Leprechaun

The name leprechaun is derived from the Irish word leipreachán, defined by Patrick Dinneen as “a pigmy, a sprite, or leprechaun”.

The earliest known reference to the leprechaun appears in the medieval tale known as the Echtra Fergus mac Léti (Adventure of Fergus son of Léti). The text contains an episode in which Fergus mac Léti, King of Ulster, falls asleep on the beach and wakes to find himself being dragged into the sea by three lúchorpáin. He captures his abductors, who grant him three wishes in exchange for release.

The leprechaun is said to be a solitary creature, whose principal occupation is making and mending shoes, and who enjoys practical jokes. According to William Butler Yeats, the great wealth of these fairies comes from the “treasure-crocks, buried of old in war-time”, which they have uncovered and appropriated.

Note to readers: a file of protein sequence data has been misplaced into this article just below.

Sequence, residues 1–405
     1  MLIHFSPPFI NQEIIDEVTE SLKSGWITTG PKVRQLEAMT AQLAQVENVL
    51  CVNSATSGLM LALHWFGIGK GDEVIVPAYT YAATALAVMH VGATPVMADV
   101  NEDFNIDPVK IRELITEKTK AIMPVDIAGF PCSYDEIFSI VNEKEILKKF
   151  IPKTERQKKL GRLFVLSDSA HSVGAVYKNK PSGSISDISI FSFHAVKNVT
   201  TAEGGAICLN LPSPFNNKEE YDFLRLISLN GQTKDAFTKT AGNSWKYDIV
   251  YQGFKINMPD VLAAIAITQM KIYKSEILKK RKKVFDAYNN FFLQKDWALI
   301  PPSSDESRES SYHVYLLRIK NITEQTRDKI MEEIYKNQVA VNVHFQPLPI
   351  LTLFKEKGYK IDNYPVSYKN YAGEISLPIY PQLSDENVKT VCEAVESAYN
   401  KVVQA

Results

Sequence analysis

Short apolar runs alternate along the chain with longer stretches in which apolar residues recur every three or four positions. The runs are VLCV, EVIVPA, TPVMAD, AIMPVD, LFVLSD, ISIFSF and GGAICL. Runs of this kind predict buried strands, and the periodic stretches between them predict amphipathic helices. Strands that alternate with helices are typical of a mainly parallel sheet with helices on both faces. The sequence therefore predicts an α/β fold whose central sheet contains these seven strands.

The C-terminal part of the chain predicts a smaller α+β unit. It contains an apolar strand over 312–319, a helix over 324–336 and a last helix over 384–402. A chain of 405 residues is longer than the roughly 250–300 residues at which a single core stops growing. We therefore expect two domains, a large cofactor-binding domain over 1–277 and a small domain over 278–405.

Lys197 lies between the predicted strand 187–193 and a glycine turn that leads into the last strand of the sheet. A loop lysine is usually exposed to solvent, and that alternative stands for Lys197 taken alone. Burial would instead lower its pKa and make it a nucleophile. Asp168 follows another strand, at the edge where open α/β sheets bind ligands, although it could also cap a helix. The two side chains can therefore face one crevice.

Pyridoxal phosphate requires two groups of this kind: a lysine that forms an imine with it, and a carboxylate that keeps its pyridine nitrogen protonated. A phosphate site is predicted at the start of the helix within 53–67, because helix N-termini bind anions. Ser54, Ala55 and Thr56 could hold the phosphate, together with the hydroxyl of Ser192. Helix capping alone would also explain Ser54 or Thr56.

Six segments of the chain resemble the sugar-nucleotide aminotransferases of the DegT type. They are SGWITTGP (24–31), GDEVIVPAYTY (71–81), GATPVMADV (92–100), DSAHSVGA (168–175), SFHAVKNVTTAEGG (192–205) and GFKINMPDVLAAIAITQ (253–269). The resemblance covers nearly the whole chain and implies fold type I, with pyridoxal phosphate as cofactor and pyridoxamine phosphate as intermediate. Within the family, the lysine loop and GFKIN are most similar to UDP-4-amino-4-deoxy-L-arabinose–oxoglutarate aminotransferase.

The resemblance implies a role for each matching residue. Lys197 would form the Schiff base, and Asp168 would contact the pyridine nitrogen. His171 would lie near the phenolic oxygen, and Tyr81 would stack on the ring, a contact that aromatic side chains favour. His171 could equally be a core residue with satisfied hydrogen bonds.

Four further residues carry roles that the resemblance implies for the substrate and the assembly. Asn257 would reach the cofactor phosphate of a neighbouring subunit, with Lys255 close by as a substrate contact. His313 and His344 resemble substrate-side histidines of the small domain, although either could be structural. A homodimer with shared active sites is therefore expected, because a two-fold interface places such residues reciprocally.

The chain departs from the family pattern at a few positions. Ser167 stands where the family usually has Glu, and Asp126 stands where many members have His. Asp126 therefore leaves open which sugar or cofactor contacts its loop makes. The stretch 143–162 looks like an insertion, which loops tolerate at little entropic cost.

The appearance of a leprechaun varies with the eras. The modern day Leprechaun is described as sitting on a toadstool, with red beard, wearing a green hat and green garments.

Some folk traditions hold that the leprechauns are descended from the Tuatha de Danann. When the Milesians came to Ireland (according to the Book of Invasions) they conquered the Tuatha de Danann and forced them to live under ground (this connects them to the aes-sidhe).

When Christianity took religious precedence, this may have brought about the decline of importance (and thus, size) of the leprechauns.images (81)

Advertisements

Leave a Reply

Fill in your details below or click an icon to log in:

WordPress.com Logo

You are commenting using your WordPress.com account. Log Out / Change )

Twitter picture

You are commenting using your Twitter account. Log Out / Change )

Facebook photo

You are commenting using your Facebook account. Log Out / Change )

Google+ photo

You are commenting using your Google+ account. Log Out / Change )

Connecting to %s